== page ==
Matt soon came up in the woods full of adrenaline. He whistled, and I called back and said I’d gotten the one deer. He said he got one, too. I realized he meant a deer down on the beach, and said I saw another one fall just in the woods, and could still see it from where I stood. That’s when he realized he’d shot 2 deer. So the adrenaline rose again.

We dragged the deer all down to the snow line of the beach, then I went and brought the boat around so we could get our knives out of our packs. We dressed the deer, and I carried, instead of dragged, them to the boat to avoid loading them with sand and gravel. I made a marten set just inside the woods, as there appeared to be marten tracks going from the woods to the beach (I can’t yet tell mink from marten tracks). With all the gut piles, I hope it attracted some attention.

I made 2 more sets on the way back, and we reached the cabin just about dark. Lucky for us the cabin was still pretty warm from the boys stay there. I could also see I needed to start getting more firewood bucked-up and split.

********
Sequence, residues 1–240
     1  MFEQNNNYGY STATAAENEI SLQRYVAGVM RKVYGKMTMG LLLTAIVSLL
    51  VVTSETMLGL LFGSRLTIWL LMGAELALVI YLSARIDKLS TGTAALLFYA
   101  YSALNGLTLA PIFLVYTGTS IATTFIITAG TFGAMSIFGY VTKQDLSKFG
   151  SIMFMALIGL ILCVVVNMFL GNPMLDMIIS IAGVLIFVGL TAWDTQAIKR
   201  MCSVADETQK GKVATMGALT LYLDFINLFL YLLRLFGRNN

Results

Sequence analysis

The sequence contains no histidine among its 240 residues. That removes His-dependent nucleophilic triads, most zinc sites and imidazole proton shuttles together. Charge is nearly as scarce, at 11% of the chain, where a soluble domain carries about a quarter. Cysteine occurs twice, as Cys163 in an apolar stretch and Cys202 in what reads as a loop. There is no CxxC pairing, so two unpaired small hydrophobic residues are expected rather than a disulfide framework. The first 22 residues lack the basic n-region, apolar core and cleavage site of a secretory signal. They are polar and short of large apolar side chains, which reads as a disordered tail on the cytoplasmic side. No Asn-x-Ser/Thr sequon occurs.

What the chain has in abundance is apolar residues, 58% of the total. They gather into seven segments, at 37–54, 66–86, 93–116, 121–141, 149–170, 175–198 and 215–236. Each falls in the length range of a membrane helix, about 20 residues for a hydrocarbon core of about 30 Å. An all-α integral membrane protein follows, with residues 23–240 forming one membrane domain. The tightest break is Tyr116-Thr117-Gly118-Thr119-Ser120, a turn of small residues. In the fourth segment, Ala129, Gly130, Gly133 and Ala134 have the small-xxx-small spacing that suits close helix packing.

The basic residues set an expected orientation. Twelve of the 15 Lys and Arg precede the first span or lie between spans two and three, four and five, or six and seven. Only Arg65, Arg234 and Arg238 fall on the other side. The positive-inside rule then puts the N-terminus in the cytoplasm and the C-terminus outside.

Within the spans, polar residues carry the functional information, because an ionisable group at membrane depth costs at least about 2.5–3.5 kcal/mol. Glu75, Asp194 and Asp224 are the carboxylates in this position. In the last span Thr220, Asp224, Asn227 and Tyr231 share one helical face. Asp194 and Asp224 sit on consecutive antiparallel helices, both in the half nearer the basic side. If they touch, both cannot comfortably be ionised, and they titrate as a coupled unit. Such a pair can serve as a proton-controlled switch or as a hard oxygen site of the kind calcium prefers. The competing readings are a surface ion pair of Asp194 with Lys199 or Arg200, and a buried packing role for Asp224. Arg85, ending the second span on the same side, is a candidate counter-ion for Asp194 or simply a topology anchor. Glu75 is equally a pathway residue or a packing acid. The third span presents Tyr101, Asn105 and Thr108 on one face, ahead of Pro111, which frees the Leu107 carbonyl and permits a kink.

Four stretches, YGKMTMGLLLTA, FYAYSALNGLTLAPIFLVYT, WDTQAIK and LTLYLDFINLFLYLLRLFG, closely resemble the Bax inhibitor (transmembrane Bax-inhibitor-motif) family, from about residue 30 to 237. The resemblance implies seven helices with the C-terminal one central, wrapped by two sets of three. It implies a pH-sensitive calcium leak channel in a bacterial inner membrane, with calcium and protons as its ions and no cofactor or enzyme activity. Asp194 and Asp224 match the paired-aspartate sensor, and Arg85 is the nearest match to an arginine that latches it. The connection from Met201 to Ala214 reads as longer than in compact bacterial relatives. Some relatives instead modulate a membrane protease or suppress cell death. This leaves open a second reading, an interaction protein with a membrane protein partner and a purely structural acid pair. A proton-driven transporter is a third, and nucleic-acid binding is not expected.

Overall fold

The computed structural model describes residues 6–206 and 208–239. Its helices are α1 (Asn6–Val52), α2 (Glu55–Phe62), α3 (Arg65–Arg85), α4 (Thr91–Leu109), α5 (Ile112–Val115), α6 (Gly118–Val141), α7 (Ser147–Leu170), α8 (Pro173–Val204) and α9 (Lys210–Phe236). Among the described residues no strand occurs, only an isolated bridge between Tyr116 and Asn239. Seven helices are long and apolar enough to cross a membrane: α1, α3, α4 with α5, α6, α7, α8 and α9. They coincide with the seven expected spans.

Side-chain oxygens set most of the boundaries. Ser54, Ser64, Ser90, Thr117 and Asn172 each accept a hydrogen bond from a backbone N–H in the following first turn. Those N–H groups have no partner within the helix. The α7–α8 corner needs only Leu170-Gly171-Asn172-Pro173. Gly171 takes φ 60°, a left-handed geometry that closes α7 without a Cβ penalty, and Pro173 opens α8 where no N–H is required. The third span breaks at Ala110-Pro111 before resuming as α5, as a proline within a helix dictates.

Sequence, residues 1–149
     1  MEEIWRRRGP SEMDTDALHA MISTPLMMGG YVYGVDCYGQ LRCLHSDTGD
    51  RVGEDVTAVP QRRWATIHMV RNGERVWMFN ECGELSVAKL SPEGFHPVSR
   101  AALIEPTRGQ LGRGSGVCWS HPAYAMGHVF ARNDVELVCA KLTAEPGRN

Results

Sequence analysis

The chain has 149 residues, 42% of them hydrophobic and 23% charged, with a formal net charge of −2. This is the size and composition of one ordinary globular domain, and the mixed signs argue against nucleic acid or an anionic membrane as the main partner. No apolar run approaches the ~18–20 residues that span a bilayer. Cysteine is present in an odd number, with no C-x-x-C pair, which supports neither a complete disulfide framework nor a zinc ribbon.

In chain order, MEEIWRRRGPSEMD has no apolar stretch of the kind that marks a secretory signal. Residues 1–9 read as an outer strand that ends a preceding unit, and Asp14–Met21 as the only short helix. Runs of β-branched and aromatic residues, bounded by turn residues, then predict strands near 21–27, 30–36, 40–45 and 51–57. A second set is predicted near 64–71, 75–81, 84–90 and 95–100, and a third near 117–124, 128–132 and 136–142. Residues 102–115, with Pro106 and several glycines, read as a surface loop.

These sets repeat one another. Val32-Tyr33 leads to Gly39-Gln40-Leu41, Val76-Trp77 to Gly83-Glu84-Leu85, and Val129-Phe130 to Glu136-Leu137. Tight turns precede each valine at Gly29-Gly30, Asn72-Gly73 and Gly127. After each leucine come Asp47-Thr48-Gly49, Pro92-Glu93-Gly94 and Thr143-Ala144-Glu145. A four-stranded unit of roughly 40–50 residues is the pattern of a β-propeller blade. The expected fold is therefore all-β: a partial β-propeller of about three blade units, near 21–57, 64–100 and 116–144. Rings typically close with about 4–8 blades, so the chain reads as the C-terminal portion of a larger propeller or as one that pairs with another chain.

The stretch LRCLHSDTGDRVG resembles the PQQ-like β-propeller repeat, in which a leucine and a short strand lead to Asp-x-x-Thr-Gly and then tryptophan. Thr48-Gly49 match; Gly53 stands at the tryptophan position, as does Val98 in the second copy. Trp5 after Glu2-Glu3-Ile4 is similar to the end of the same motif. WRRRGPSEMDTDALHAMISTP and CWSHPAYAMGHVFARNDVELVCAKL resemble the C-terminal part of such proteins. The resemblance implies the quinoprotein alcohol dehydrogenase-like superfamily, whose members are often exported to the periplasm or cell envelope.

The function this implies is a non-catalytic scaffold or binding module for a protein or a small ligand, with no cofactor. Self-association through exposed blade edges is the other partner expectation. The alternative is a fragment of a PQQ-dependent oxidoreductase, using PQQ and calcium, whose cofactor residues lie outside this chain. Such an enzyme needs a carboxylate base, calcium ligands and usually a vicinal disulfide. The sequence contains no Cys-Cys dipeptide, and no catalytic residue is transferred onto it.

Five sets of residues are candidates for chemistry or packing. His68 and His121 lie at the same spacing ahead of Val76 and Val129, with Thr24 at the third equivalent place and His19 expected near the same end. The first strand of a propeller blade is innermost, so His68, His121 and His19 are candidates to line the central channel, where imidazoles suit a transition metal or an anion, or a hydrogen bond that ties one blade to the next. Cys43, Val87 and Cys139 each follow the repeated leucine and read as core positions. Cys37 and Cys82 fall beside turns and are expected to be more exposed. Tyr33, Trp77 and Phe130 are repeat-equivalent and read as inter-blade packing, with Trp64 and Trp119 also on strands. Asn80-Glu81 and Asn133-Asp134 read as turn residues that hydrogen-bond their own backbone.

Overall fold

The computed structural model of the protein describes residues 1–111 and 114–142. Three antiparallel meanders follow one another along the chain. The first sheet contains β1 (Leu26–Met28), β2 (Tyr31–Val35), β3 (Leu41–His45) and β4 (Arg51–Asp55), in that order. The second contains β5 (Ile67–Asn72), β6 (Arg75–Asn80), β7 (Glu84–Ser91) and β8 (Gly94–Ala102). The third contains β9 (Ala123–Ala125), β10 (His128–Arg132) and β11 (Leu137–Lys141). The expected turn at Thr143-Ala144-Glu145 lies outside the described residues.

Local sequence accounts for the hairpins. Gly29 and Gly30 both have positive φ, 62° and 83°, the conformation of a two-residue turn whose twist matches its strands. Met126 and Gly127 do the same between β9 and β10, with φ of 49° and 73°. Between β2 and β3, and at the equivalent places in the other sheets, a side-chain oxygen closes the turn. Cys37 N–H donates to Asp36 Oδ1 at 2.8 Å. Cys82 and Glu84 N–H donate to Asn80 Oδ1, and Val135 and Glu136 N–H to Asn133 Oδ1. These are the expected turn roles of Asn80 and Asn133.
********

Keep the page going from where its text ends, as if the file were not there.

The next day the plan was to hunt till about 2 and get Matt back so he could work today. We anchored where we’d seen the boat the day before, and split up. I checked my set, but no luck. I then moved uphill and ended up finding a large muskeg and brand new country I’d never hunted. There were still tracks going in and around the muskeg as the snow was not so deep as to cover all the plants. I tried calling in a few places, but nothing showed. I was sort of turned around and tried to get my bearings, but my GPS batteries had died. I pulled out the compass, got my bearings, and headed south. Right off the edge of the muskeg I was surprised to see water already, and I got down the forest edge at the beach, which was up a 30 foot cliff. I walked the game trail along the cliff, and noted what I thought were lots of marten tracks, so plan to go back there and make a few more sets.